Market Updates for April 15, 2022
Dairy | Eggs
Large - Down
Medium - Down
Retail demand mixed. Supplies long. Market weak.
Dairy | Butter
Inventories are tight on butter and it continues to remain elevated with expectation of only temporary relief scattered throughout the year, many see any dip an opportunity to buy thus driving markets higher.
Dairy | Cheese
Barrel - Up
Block - Up
The CME block and barrel markets have continued moving higher again lately. Speculators feel this is still due to strong US exports, weak international supply, and continued strong domestic demand. The traders have continued uncertainty which is adding pressure to the upside."
Grocery & Bakery | Sugar
Pricing continues to be steady to rising up slowly as supply from the current crop year is scarce leading to higher spot pricing. As beet harvests have seen lower sugar content, there is less than planned beet sugar available in the market, especially in the Midwest. We may have to look at other beet suppliers and cane sugar at higher prices to fill gaps in supply.
Grocery & Bakery | Flour
Pricing continues to ride the waves of weather forecasts as poor crop conditions dominate the plains region among others. Until we see some rain in these regions, wheat prices are staying steady to higher. To date, supply is not an issue as US prices are too high to export at the moment. If we get some precipitation, we should see pricing drop some though the war in the Ukraine will keep pricing elevated versus this time last year. There is very little to suggest pricing dropping signifcantly any time soon.
Grocery & Bakery | Frying Oil
Despite the USDA Prospective Planting report lifting soybean acreage to a record size, the market prices for soy and soy by-products has remained strong. One must look at the global picture to make sense of this, so this week's write up will zoom out to identify the key events which are driving today's oil market. Keep in mind the world rankings of oil consumption is 1. Palm oil, 2. Soybean oil and 3. Sunflower oil.
- 2021: Major drought conditions reduce Canadian canola crop by 30%.
- 2021: Covid-19 lockdowns in Asia keep workers from harvesting palm oil for extended periods of time.
- 2022: Drought conditions in South America reduce the corn and soybean crops significantly.
- 2022: Russia invades Ukraine. Supply chain channels are disrupted while sanctions against Russian products stack up. Both countries combine for almost 80% of globally exported sunflower oil.
When you add everything up, it becomes easier to see world-wide vegetable oil prices are under immense stress. Supply disruptions lead to substituting and rationing. Even a larger projected soy crop in the US isn't enough to drastically change the balance, but it could help in mitigating further price movements higher. Keep in mind the oil from the new crop won't come to market until the fall. Looking out, vegetable oil prices should remain firm until the norther hemisphere harvests occur. Beyond that will be heavily dependent on the output.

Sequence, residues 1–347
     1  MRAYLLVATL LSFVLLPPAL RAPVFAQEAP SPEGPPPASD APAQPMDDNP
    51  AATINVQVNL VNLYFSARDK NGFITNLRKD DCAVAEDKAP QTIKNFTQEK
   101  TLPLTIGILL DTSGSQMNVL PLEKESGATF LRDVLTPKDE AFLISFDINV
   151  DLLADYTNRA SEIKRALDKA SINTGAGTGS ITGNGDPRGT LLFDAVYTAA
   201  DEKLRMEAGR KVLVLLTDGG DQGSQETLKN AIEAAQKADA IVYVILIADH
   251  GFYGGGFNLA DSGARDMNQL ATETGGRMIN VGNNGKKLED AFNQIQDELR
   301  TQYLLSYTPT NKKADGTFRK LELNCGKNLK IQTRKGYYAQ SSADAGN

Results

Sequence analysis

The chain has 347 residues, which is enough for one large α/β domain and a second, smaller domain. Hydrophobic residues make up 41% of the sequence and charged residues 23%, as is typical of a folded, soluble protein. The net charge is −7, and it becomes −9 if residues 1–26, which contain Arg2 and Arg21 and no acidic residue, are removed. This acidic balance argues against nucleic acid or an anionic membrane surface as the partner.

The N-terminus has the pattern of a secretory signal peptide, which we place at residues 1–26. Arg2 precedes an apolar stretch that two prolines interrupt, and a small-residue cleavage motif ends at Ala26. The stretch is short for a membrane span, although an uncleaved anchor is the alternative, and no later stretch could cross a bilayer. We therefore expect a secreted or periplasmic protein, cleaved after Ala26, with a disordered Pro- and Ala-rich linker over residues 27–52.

Meat | Pork
Pork harvest is excepted to be close to 2.5 million head this week.
Buyers are starting to focus on Lent. With less focus on pork. prices could decline. Large decreases are not forecast.
Bone in Butt prices are increasing however the upward pace is slowing. Boneless Butts prices are close to last week's and starting to stabilize. Boneless loin prices have stabilized.
Belly prices continues higher as retailers are aggressively filling the shelves and food service demand is picking up.
Spares, St Louis and back rib prices are firm.
Meat | Beef
Cattle harvest has held steady keeping up with demand. Live cattle costs are still high due to cattle supply and high feed costs. However, look for them to take a breather as we get into the summer months. Much anticipated tight cattle supplies in the fourth quarter are still in the forecast as the herd is thin out front based on light placements in previous months. Uncertainty in the markets and cattle costs for the remainder of 2022 has packers tightening the reins on out front pricing leaving customers unsure of product costs for the second half of the year.
Most spring grilling season items are starting to perk up and we should see decent runs as the weather gets better across the country. Expectations for peak pricing during the spring season are close to or slightly below the previous year's highs. Ribeyes and strip loins are starting to move and should show strength for the remainder of April and through June. Tenderloins have held up well and are on an ascending climb, we should see good demand leading into Mothers Day. End cuts are still holding at inflated levels, primarily being supported by high ground beef costs. Thin means such as skirt meat are steady to higher due to seasonal demand. Grinds dropped in March but have seen good demand and are now moving higher being supported by high 90% and 50% trim costs partly driven by a reduced supply of imported boneless beef for used for ground beef.